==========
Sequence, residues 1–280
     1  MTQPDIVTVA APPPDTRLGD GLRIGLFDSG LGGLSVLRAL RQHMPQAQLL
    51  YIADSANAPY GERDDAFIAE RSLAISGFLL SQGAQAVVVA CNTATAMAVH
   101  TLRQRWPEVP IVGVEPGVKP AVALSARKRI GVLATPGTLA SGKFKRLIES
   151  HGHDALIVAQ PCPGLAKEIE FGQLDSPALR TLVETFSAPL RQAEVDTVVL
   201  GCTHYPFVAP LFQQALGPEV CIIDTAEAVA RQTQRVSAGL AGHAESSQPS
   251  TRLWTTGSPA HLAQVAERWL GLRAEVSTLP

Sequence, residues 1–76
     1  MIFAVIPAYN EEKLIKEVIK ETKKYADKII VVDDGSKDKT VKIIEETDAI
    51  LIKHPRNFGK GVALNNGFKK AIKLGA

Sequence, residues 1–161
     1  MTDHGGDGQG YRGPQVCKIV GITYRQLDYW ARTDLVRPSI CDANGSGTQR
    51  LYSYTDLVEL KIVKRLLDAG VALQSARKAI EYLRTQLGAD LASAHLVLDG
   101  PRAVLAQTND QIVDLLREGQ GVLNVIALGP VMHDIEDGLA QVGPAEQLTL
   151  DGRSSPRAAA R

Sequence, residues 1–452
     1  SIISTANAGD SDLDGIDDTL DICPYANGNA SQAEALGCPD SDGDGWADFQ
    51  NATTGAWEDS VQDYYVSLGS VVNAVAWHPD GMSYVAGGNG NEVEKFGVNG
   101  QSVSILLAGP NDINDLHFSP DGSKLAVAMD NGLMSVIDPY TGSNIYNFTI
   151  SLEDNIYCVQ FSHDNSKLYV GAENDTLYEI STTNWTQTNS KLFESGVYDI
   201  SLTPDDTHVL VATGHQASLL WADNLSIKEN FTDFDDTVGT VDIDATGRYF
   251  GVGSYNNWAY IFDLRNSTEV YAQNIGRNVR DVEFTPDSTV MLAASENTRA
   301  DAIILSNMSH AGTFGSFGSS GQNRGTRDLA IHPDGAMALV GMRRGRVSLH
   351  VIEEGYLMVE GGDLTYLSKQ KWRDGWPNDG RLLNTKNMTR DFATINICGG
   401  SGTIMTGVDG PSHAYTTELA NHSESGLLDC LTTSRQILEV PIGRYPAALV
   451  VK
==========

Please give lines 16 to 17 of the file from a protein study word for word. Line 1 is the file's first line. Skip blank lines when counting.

Sequence, residues 1–452
     1  SIISTANAGD SDLDGIDDTL DICPYANGNA SQAEALGCPD SDGDGWADFQ